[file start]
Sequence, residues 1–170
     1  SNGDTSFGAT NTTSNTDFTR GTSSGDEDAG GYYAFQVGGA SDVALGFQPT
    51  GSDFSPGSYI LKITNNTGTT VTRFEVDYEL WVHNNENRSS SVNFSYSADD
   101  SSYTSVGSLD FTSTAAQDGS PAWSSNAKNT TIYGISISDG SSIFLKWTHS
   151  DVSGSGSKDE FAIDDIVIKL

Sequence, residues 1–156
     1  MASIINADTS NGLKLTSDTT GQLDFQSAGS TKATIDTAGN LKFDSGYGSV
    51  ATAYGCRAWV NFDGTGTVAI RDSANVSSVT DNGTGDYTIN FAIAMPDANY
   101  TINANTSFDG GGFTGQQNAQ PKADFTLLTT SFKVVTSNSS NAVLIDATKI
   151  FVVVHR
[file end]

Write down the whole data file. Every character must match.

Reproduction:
Sequence, residues 1–170
     1  SNGDTSFGAT NTTSNTDFTR GTSSGDEDAG GYYAFQVGGA SDVALGFQPT
    51  GSDFSPGSYI LKITNNTGTT VTRFEVDYEL WVHNNENRSS SVNFSYSADD
   101  SSYTSVGSLD FTSTAAQDGS PAWSSNAKNT TIYGISISDG SSIFLKWTHS
   151  DVSGSGSKDE FAIDDIVIKL

Sequence, residues 1–156
     1  MASIINADTS NGLKLTSDTT GQLDFQSAGS TKATIDTAGN LKFDSGYGSV
    51  ATAYGCRAWV NFDGTGTVAI RDSANVSSVT DNGTGDYTIN FAIAMPDANY
   101  TINANTSFDG GGFTGQQNAQ PKADFTLLTT SFKVVTSNSS NAVLIDATKI
   151  FVVVHR